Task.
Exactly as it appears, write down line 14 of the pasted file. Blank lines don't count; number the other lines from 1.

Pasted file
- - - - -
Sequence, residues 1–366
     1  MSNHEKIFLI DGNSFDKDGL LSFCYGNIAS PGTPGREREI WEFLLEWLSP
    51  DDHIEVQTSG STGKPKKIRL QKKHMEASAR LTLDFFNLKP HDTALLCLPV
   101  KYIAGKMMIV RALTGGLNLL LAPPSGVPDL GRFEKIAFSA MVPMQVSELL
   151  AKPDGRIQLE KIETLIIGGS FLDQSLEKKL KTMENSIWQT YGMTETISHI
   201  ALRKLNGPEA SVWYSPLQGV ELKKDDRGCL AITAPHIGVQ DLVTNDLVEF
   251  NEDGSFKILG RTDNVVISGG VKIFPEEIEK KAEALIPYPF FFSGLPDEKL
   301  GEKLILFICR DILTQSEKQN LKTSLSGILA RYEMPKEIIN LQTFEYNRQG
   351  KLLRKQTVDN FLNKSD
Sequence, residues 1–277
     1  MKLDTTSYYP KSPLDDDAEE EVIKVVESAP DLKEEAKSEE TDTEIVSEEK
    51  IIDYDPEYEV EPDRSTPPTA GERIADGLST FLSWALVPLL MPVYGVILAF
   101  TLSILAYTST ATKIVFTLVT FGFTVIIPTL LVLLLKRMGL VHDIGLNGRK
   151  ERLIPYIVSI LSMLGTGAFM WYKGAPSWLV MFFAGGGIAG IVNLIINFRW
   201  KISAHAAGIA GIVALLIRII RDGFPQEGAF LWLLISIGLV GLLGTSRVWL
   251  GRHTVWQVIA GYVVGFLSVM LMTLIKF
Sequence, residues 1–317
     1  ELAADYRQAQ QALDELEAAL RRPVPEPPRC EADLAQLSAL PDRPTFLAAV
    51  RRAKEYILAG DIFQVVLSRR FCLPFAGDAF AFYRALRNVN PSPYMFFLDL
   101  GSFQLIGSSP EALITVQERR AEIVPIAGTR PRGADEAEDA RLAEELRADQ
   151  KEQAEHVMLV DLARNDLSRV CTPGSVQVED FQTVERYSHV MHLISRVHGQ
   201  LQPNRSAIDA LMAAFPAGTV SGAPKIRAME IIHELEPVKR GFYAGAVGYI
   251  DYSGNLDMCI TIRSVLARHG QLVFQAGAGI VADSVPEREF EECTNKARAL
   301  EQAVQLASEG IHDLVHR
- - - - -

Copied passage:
   151  ERLIPYIVSI LSMLGTGAFM WYKGAPSWLV MFFAGGGIAG IVNLIINFRW